REVEALED – The feel-good foods that may help fight depression: Experts suggest 6 things to try as a study finds diet DOES influence mental health
- New research carried out by Manchester University found altering your diet may help to improve the symptoms of depression
- UK-based Rob Hobson, Healthspan Head of Nutrition, and Dr Aria, Clinical and Behavioral Psychologist, explain how diet really does impact mental health
- Around 300 million people worldwide now suffer from depression according to the World Health Organization
Depression is defined as a low mood that persists over a long period of time, affecting every aspect of everyday life.
Mild cases of depression may not stop you leading a normal life, but low spirit can make everyday activities more challenging and less worthwhile.
More severely, depression can be life-threatening and leave people feeling helpless, suicidal and losing the will and strength to live.
This condition is hugely complex and characterized by many different factors.
While making healthy diet and lifestyle choices is certainly not going to cure or prevent depression, findings from a recent study carried out by Manchester University have added weight to the evidence that adopting healthy habits may improve the symptoms associated with the condition.
With over 40 million people in the US struggling with depression, and over two million adults in the UK, many are clamoring for any new information that could help us combat mental health issues.
Psychologist Dr Aria (left) and registered nutritionist Rob Hobson (right) on feel-good foods
Surveys into mental health problems are typically based on adults living in private housing and may underestimate the extent of the problem as they do not include those with mental health difficulties who are homeless, in sheltered accommodation, hospitals or prisons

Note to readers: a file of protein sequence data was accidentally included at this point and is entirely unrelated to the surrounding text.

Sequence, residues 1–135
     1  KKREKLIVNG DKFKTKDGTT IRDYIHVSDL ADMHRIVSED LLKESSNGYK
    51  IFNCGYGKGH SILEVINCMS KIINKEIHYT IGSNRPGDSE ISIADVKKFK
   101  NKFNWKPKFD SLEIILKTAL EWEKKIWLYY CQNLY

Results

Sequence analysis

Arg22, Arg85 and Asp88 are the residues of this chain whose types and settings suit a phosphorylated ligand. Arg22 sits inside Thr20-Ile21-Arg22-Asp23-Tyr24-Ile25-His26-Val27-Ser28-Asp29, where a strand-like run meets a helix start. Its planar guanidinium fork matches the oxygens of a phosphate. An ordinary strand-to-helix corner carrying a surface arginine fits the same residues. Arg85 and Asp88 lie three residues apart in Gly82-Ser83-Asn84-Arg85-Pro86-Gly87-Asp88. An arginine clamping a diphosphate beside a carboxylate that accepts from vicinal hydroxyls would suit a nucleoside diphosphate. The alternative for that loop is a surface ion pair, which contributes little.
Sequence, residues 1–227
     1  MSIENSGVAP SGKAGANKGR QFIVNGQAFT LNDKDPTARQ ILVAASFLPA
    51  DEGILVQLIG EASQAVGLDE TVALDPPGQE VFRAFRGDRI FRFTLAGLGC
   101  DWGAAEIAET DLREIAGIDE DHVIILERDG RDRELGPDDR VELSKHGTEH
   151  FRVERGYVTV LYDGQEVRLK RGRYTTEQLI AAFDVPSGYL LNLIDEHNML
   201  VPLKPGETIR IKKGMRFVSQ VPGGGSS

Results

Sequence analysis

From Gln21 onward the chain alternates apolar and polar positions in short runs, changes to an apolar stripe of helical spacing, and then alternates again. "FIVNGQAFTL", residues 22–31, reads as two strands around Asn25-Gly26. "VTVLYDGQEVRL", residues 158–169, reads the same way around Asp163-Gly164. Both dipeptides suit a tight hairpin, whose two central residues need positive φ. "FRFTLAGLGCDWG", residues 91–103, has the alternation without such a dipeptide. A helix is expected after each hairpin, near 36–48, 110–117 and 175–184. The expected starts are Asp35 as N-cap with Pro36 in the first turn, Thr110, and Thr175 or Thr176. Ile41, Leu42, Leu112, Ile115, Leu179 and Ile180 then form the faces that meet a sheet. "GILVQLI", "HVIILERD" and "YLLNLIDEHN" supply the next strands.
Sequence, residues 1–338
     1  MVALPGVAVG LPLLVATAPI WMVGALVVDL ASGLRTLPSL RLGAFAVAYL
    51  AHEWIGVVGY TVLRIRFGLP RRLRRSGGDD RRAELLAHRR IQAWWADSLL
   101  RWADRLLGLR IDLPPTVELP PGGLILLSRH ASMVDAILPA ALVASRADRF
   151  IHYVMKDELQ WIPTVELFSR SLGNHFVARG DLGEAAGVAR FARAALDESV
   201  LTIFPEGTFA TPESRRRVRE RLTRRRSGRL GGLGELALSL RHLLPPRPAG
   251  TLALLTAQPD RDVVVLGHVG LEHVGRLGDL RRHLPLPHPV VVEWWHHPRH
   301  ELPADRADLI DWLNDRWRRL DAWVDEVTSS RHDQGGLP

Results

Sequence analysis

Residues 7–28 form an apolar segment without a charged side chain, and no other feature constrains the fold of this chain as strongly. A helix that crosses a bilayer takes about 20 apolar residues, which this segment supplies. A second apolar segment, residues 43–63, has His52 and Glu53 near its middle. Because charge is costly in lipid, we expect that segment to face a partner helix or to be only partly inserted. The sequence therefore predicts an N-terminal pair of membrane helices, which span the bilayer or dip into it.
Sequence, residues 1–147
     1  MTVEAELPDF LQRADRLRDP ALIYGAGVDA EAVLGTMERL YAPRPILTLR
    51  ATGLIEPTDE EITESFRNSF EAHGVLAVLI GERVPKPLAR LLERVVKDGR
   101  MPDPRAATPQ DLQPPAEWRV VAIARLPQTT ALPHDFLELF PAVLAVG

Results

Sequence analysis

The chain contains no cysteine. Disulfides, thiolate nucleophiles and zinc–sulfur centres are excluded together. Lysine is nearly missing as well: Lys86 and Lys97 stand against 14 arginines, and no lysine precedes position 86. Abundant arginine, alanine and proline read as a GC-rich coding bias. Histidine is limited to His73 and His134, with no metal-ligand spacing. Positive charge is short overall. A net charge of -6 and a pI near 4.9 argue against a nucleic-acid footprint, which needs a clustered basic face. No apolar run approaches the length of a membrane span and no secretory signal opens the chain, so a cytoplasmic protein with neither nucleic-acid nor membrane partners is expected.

The overall number of adults with depression has not significantly changed recently.
However, money troubles, unemployment, health concerns, family difficulties and Brexit worries can make it more difficult to cope.
The way that we are managing conditions like depression is worsening, with the numbers of people experiencing suicidal thoughts or self-harming on the rise.
Mental health problems drive thousands of people to take their own lives.
In the US, suicide is the tenth leading cause of death.
In the UK, according to the Office of National Statistics, men under the age of 49 account for 75 percent of suicides – making this the leading cause of death among this group.
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Can diet and lifestyle choices improve the condition?
Making simple dietary changes does appear to improve the symptoms of depression according to the findings from a recent study carried out by researchers at the University of Manchester.
The study analyzed data from 16 clinical trials examining the effects of dietary interventions on symptoms of depression and anxiety.
The research, which included data from almost 46,000 people found that weight loss, nutrient boosting and fat reducing diets all helped to improve mood and reduce the symptoms of depression even in people without diagnosed depressive disorders.
Up until now, previous studies have been unable to definitively establish whether or not dietary improvement could benefit mental health.
The study also found that all types of dietary improvement had equal effects on mental health, suggesting that highly-specific or specialized diet were unnecessary for the average individual.